In a year of uncertainties, one thing was certain: our system of justice is still here, working to hold the powerful to account. And so are all of us who make up the greatest judicial system in the world. When the recent COVID-19 relief bill went through, it did so without legal immunities for businesses because lawyers and legislators, along with our friends at the AAJ, fought to maintain the legal rights of all. And since the pandemic came to California, CAOC has been here every day working night and day for all us. We made sure emergency judicial and other rules were put in place, and worked tirelessly with the legislature to make sure bad bills and immunities were not put into law.

We are so much wiser and better prepared for this coming year than we were last year. Will businesses, law firms, and courts be shut down during the year? Perhaps – but we will be ready and working. Masks? No problem. Can’t go into the office? I have every piece of equipment and technology that I need at home. I even have different green screens, lights, microphones, elmos, and different virtual backgrounds for any Zoom video conference call, deposition, hearing, or meeting.

We now know how to rise above it all, and we are smart enough and motivated to find alternatives in our cases that work for our clients, each other, and the court system. Instead of waiting for everything to get back to normal, let’s roll our sleeves up and find solutions for ourselves. At CAOC, we will work with our local trial associations to identify problem areas and solutions, and we will work with defense counsel, along with the Judicial Council and our legislature to find creative ways to ensure that cases keep moving toward resolution, jury trials are being held, and our system of justice will keep going – whether courthouses are open or closed to the public.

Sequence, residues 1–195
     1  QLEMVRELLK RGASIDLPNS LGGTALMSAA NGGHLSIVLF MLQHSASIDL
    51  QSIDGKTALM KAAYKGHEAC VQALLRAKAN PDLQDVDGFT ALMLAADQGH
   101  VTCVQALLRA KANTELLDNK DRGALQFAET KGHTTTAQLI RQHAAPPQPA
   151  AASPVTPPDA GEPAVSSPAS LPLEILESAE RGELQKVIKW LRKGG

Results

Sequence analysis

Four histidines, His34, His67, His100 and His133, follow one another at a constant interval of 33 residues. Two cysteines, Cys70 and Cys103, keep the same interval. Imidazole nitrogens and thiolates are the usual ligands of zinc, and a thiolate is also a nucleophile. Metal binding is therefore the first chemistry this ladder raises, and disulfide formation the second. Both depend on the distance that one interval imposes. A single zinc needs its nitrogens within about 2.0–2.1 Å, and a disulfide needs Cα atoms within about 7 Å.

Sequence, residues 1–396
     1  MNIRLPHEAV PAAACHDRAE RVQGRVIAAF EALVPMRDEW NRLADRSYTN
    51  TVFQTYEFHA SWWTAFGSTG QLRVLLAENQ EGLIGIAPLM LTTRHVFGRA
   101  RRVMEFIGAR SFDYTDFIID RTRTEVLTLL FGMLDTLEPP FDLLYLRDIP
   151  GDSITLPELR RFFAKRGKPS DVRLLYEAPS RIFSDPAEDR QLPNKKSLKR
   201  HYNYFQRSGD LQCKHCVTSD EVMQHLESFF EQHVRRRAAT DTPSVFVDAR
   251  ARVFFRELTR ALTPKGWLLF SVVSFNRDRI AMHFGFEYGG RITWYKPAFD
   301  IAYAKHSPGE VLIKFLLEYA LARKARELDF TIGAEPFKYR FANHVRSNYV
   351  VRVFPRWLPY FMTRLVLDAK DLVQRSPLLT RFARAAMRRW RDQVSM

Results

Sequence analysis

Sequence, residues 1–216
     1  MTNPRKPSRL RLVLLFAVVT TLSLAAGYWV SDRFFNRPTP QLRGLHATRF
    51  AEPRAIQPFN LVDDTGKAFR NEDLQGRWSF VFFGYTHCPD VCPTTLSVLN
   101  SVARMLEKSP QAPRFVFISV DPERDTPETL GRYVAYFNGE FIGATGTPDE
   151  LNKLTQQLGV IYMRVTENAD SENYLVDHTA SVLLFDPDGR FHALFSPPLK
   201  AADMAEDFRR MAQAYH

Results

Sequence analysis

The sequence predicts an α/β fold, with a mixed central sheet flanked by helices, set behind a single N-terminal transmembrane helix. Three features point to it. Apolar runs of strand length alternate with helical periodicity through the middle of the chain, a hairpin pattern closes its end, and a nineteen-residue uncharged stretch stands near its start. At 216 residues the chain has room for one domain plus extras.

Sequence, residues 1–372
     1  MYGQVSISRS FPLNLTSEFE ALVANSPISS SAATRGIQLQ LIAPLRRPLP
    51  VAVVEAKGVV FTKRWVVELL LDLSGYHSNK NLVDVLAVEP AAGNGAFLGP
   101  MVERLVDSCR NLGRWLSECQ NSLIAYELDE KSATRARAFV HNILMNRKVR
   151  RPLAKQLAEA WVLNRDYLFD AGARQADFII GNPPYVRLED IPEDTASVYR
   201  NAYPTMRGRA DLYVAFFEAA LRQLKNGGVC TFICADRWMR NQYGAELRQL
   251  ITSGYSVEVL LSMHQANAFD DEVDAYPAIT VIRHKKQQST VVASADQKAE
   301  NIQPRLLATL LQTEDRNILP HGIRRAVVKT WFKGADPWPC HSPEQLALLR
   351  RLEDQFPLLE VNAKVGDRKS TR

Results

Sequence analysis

It is amazing what can happen when you find the ability to rise above the difficult circumstances we find ourselves in. Don’t let it pull you down; instead, rise above it all. Some people have used this time to write books, meditate, create law firms, learn languages or new skills, become skilled with new technologies, read books, enjoy movies and great stories, attend free webinars, exercise, or create modern remote offices at home. Think of this strange time as your time; be committed to making it count in ways you never dreamed of. When we emerge from closed doors to reunite with one another at a future meeting or seminar, I cannot wait to hear how you spent your time.

And what a great time to get involved with the CAOC! We now have the luxury of attending meetings through remote virtual technology, which means no traveling in our cars or on planes to see each other. It is amazing how many things you can learn to do remotely: display slides and graphics and documents; you can annotate anything and zoom in with amazing precision. In certain ways, our meetings have never been more productive or interesting – without ever leaving the comfort of our home or office. As we strive to find novel solutions for unprecedented times, we would appreciate your input and involvement.

So let’s commit to 2021 being the year we rise above it all and succeed. We have survived 2020 and we can handle anything. Here’s wishing you a very successful and fulfilling New Year!

Written by Deborah Chang for the CAOC Forum Newsletter